Jessie had grown up in a family where ostentation was frowned upon. The most glamorous piece of clothing she’d ever owned was a red shawl – a Christmas gift from a distant aunt, which Jessie, aged eleven, had insisted on spreading across her bed each night.
Jessie eyed the row of mermaid outfits hanging in a row along the dressing room wall: long, shimmering blue skirts fashioned into fish tails; low cut silver tops.
‘Grotto opens in half an hour,’ Mr Fortune called through the open door. ‘Get those costumes on ladies, there is work to be done!’
Jessie stood in front of the long mirror. The top squeezed her ribs, and it was remarkably hard to walk with a tail, she’d discovered. All the same, it was magical – to be half one thing and half another.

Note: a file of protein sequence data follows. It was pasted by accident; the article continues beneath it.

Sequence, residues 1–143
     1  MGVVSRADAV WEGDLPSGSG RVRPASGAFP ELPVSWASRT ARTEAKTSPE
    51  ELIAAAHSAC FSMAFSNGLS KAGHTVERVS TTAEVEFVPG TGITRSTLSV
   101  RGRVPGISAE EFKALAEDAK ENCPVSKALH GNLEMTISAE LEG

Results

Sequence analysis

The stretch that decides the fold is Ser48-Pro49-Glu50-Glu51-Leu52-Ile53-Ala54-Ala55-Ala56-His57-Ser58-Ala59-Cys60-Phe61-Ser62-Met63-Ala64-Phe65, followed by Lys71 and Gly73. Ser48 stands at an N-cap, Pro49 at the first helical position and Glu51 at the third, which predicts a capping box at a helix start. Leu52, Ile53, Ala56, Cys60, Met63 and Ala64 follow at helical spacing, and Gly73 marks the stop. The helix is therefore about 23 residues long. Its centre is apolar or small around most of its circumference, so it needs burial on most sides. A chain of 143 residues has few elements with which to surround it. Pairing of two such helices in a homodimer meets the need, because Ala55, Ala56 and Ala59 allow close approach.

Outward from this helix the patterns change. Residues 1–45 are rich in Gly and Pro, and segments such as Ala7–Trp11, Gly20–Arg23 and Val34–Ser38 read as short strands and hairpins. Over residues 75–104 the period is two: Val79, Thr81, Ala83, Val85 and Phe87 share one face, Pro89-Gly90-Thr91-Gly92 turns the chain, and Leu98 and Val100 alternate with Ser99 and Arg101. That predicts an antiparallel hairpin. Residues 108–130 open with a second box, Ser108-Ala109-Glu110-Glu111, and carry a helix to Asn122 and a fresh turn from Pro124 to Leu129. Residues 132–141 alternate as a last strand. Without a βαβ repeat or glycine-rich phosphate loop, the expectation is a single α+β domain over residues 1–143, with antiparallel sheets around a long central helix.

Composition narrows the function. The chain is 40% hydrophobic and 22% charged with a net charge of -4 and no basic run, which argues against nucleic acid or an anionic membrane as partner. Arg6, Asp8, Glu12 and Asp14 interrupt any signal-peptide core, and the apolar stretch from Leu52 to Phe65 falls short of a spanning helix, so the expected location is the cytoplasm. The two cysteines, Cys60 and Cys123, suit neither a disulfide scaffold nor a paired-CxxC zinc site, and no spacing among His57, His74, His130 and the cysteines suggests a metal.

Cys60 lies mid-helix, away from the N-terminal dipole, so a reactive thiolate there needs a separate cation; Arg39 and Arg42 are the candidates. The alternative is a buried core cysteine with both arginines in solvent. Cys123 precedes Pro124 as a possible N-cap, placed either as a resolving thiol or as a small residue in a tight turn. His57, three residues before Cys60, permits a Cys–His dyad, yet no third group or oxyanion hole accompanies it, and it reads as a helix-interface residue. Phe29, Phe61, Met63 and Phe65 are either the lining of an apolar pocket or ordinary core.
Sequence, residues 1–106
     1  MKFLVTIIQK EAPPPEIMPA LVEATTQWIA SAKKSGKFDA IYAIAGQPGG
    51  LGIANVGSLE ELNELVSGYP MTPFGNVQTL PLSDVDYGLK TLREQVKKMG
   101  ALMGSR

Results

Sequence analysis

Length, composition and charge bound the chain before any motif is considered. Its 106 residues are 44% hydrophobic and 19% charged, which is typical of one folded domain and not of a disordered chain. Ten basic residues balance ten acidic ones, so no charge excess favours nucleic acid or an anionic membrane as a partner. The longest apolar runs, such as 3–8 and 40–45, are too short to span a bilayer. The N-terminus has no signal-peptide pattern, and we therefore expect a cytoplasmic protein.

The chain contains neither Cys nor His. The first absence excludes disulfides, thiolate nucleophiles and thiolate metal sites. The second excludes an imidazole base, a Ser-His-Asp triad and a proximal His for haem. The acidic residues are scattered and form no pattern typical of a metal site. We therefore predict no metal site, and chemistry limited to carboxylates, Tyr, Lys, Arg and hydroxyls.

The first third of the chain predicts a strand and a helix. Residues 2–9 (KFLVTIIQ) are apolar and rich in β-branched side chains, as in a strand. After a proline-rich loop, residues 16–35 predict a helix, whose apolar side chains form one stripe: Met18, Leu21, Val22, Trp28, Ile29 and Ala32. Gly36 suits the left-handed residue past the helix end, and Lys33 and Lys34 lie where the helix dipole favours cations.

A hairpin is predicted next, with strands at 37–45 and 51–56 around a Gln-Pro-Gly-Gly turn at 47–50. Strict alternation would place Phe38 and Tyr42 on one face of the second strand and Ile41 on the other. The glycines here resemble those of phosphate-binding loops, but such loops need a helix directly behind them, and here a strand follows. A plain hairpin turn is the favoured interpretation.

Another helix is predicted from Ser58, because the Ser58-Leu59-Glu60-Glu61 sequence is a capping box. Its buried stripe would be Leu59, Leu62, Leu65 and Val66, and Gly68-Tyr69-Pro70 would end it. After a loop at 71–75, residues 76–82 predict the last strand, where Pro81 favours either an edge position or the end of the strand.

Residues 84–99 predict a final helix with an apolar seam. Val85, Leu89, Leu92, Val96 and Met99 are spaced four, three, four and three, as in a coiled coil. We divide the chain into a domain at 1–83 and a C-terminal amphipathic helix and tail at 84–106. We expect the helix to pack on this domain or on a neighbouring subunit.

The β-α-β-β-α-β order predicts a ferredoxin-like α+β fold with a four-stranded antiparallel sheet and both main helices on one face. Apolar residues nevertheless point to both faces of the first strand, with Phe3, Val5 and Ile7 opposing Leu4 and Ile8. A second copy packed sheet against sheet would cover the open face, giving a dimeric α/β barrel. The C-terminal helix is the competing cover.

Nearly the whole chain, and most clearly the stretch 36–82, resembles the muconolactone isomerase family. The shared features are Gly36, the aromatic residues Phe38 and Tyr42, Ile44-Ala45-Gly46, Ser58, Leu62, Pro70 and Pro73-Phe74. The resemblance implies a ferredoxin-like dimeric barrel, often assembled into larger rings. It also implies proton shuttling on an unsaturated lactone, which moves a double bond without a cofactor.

‘Men love a mermaid, you’ll see,’ the girl next to her said with a wink. ‘Always want what they can’t have, don’t they?’
Jessie nodded and smiled, and took her place in the line of fish-tailed waitresses, ready to walk barefoot across the sandy grotto floor and serve platters of seafood to punters with impossible dreams.
Inspired by archive research into Cremorne Gardens, site of London Fieldwork’s Secret Garden Project Commission and Ballooning, Balancing, Balconies and Birds: a story walk on 27th July and 4 new Word Garden texts